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Dawgs Sugg--hopefully, only Tempe…Rarely
By: Richard Linde, Posted 28 October 2002

Taking advantage of several short-field opportunities and a number of UW mistakes, the ASU Sun Devils beat the Huskies, 27-16, in a game played in Tempe, Arizona on Saturday night. Derrell Suggs had 4.5 sacks on the night. The Sun Devils (7-2, 4-0) held the Huskies (4-4, 1-3) without a touchdown until the final minutes. Washington’s predictable, one-dimensional offense, which gave up 8 sacks, contributed to the loss.

The game was typical of Washington's recent losses on the road. Suffering from poor field position in the early going, either because of mistakes and/or the lack of a running game, the Dawgs give their opponents too many short-field opportunities. Good teams cash them in for scores.

And ASU did just that, bolting to a 14-0 lead in the first quarter, its first TD drives coming from 42 and 6 yards out. To start the second half, ASU ran the kickoff back 44 yards and turned it into a 56-yard drive for a touchdown that made the score 21-3. The Devils added two field goals in the fourth quarter, taking a 27-3 lead. The first field-goal resulted from a bad call from an official. Nate Robinson intercepted an Andrew Walter pass in the endzone, but it was ruled that he was not in bounds. On the next play, Mike Barth booted a 38-yard field goal.

In the last minutes of the game, Washington posted two concession touchdowns to make it a respectable final ending, 27-16. 

The much-maligned Washington defense confounded their critics, holding ASU to just 229 net yards on the night. But it was the ASU defense that dominated the evening, especially Derrell Suggs who had 4.5 sacks; the Devils racked up 8 sacks on the night.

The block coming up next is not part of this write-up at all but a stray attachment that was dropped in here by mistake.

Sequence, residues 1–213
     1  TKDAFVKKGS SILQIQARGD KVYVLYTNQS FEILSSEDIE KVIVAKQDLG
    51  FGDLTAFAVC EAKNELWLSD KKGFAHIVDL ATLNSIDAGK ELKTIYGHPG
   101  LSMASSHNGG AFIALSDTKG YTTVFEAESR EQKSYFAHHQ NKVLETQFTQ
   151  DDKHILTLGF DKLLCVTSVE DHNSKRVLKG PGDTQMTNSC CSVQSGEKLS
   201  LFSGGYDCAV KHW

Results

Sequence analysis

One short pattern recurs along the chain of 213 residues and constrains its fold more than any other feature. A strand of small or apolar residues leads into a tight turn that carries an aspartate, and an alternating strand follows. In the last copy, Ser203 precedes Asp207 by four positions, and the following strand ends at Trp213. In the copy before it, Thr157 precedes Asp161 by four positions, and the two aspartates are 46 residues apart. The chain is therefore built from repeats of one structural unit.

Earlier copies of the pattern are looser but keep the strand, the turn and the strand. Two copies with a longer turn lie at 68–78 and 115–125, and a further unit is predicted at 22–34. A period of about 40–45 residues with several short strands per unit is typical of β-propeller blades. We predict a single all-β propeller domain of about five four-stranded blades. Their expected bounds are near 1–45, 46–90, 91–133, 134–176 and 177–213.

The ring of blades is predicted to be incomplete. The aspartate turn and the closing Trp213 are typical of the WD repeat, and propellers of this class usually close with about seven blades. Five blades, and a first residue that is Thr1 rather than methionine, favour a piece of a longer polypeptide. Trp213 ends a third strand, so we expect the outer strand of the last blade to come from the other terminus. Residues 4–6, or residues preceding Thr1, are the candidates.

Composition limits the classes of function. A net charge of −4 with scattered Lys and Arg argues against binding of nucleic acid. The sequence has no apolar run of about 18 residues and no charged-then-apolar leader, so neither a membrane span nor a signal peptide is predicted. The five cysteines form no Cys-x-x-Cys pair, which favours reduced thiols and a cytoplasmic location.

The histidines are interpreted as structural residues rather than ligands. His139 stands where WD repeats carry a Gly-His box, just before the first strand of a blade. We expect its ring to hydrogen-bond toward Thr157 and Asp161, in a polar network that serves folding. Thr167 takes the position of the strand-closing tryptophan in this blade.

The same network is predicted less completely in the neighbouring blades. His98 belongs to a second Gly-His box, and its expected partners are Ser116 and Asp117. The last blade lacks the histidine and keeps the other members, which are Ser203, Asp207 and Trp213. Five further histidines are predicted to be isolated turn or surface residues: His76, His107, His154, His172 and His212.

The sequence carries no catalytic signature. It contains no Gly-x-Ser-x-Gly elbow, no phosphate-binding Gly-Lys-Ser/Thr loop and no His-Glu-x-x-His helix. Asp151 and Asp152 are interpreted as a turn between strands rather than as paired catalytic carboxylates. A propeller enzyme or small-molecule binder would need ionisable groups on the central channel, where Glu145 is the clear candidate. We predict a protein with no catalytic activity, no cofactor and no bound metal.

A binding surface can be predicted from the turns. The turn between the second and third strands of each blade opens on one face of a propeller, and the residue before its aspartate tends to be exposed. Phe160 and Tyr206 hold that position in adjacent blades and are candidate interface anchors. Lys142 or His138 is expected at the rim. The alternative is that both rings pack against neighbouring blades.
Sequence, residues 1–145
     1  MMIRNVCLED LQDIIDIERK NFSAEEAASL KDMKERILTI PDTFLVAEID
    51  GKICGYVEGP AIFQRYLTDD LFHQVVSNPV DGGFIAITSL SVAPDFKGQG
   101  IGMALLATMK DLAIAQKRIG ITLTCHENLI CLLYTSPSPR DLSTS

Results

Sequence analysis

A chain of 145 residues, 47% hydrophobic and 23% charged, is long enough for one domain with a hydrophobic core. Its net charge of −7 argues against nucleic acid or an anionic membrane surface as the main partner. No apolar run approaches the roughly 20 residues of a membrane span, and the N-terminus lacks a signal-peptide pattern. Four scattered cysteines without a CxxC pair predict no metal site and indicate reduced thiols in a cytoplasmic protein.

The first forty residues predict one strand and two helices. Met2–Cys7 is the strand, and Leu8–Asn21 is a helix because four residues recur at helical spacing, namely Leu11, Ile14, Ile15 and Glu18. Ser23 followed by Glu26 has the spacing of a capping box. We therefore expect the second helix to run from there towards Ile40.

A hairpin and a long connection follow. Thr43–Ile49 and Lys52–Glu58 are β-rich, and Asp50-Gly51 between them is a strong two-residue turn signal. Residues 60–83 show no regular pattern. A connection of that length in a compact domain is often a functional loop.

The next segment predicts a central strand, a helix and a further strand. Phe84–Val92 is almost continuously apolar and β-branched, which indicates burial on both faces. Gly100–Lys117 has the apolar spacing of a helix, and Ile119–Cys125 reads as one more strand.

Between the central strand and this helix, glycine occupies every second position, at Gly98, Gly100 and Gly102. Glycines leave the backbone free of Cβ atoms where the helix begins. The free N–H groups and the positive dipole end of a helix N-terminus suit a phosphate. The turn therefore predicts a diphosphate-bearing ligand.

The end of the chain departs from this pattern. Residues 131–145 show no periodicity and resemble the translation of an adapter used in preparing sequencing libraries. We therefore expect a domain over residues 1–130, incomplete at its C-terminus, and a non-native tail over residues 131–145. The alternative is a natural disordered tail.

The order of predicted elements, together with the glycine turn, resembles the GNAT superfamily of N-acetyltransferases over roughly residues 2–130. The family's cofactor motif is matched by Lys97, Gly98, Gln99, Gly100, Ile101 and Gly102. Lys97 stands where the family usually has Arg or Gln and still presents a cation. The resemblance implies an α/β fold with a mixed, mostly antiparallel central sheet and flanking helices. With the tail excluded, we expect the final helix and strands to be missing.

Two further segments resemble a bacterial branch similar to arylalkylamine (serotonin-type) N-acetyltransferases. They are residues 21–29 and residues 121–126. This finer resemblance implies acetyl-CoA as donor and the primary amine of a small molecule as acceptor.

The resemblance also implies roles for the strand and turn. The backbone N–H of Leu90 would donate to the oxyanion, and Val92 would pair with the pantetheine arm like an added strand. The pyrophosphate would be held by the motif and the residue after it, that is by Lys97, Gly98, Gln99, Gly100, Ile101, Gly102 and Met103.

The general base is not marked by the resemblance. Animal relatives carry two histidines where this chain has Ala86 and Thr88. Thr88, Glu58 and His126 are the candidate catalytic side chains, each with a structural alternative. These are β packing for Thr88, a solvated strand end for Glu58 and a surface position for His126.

What's wrong with the Huskies? Nothing. Other than USC, I think that the most of the Pac-10 teams are about equal in strength. Here are some factors we need to consider to put things in perspective. 

  • The Huskies are suffering an off-season like many notable powers have in recent years--for example, Notre Dame, USC, Penn State, and UCLA. Their start is really not that confounding when put in the context of other erstwhile perennial powers. 

  • Parity in college football has turned the have-nots into formidable opponents. This season, California ended 27 years of losing to the Huskies.

  • Mistakes in recruiting the right players can be costly. During the 2000 recruiting season, the Huskies undoubtedly missed on key players because the coaches' recruiting visits were restricted due to sanctions imposed by the quiet-day scandal of 1999.

  • The departure of Willie Hurst, Jerramy Stevens, and Larry Tripplett has hurt the Huskies this season. Hurst gained 185-yards rushing against the Sun Devils last season. People were doubling up on Tripplett, and it would have been nice to have had Stevens for one more year. Pickett did not complete a pass to a tight end in the ASU game Saturday night.